When I was born, Richard Nixon was president. Before that, in 1962 when he lost the gubernatorial race in California, he promised the nation he was done with politics, telling those gathered that it was his last press conference, that the press wouldn’t “have Nixon to kick around anymore.” Oh, if only he had been honest in that moment. Of course, since then the nation has had to suffer with Ronald Reagan, George W. Bush and Donald Trump, all of whom were worse than Nixon. But anyway, getting back to that “kick around” line, Buck Owens wrote a song titled “You Ain’t Gonna Have Ol’ Buck To Kick Around No More,” which was released as a single in 1972 and also included on this album. As you might guess, it’s another fun one, a lively song. “The last time was the last time, and this time it’s for sure/The next sound that you hear will be the slamming of the door/And you ain’t gonna have ol’ Buck to kick around no more.” This song was also included on the 2019 compilation The Complete Capitol Singles: 1971-1975. Then “A Whole Lot Of Somethin’” is another good song about the end of a relationship. “Well, I treated you the best that I knew how/But what have I got to show for all that now/I’ve got a broken heart, and that’s something you seem to lack/It’s going to take a whole lot of something to bring you back.” I love the work on fiddle.

“Get Out Of Town Before Sundown” is a country song about a run-in with the law. But this isn’t a tale of murder or robbery. No, lesser crimes are at the heart of the trouble, the first verse being about vagrancy and poverty. “He said, if you ain’t got no money and you ain’t got no job, boy, I’m placing you under arrest.” The second verse is about being with an underage girl (but don’t get all upset, the girl in question is 17, and he is unaware). “And if you’re not out of town before sundown, you won’t get out of town at all.”  That’s followed by “Something’s Wrong,” another great country song about a love that has gone wrong. “It’s hard to live each day when there’s nothing left to say/And there’s nothing left to say but something’s wrong/Something’s wrong when you no longer want to hold me.” And I love this harsh and depressingly straightforward line: “When the love of your life turns into a waste of time.” There is also more great stuff on fiddle. This is one of my personal favorite tracks. The album then concludes with “I Love You So Much It Hurts,” a lively love song about a questionable relationship. Others question his choice, and maybe they’re right, for he sings, “And if you do me wrong/I’ll still tag alone/Because I love you so much it hurts.”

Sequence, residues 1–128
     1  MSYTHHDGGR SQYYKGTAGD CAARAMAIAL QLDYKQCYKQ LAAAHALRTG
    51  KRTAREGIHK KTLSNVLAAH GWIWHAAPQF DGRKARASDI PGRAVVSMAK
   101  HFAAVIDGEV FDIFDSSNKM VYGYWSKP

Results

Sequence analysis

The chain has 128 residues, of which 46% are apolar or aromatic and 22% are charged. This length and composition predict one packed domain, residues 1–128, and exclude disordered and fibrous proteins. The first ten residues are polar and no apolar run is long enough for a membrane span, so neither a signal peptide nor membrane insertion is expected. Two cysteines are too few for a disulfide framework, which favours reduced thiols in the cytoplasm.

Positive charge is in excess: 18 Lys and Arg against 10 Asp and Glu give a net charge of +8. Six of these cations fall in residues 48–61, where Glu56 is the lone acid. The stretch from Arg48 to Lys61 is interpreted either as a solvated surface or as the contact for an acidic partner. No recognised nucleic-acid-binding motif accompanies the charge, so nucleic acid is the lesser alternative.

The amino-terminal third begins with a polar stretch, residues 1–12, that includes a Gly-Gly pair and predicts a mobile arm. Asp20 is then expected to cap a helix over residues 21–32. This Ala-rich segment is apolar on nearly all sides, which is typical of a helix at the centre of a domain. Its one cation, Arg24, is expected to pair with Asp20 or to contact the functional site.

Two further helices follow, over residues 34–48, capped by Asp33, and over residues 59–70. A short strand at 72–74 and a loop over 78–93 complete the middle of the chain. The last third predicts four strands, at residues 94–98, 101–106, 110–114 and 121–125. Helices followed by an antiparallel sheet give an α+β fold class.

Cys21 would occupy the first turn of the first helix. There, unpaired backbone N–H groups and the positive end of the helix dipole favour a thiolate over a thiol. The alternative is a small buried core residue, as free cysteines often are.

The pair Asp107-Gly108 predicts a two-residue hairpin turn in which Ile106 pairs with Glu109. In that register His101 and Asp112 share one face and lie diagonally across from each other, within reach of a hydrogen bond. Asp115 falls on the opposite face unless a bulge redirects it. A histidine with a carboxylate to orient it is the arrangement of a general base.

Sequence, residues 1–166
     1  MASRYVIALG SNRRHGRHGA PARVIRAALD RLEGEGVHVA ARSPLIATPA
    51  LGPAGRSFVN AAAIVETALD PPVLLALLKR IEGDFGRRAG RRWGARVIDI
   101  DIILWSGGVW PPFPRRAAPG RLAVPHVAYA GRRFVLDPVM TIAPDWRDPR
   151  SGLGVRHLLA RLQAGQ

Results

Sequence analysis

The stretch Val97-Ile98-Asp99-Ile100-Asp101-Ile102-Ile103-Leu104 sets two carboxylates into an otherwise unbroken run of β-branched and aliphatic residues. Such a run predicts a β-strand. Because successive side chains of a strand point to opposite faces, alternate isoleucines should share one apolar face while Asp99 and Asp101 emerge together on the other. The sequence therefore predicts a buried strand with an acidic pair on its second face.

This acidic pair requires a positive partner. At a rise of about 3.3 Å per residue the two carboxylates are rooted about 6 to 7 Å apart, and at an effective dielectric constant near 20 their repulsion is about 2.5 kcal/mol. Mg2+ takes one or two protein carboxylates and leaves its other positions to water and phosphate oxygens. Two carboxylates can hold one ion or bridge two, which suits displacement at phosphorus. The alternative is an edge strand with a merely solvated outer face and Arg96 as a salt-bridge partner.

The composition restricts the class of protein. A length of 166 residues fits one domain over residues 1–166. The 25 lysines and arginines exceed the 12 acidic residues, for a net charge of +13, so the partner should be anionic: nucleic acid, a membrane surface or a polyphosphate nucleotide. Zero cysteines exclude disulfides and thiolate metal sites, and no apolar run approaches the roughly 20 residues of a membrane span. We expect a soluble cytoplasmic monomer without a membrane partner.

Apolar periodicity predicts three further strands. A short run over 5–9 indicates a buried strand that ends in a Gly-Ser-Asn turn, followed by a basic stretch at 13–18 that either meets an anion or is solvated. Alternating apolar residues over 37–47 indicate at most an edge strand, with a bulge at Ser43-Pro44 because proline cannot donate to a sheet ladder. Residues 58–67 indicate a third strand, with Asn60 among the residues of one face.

CD Track List

  1. In The Palm Of Your Hand
  2. There Goes My Love
  3. Made In Japan
  4. Sweethearts In Heaven
  5. Arms Full Of Empty
  6. You Ain’t Gonna Have Ol’ Buck To Kick Around No More
  7. A Whole Lot Of Somethin’
  8. Get Out Of Town Before Sundown
  9. Something’s Wrong
  10. I Love You So Much It Hurts

This re-issue of In The Palm Of Your Hand is scheduled to be released on October 1, 2021 through Omnivore Recordings.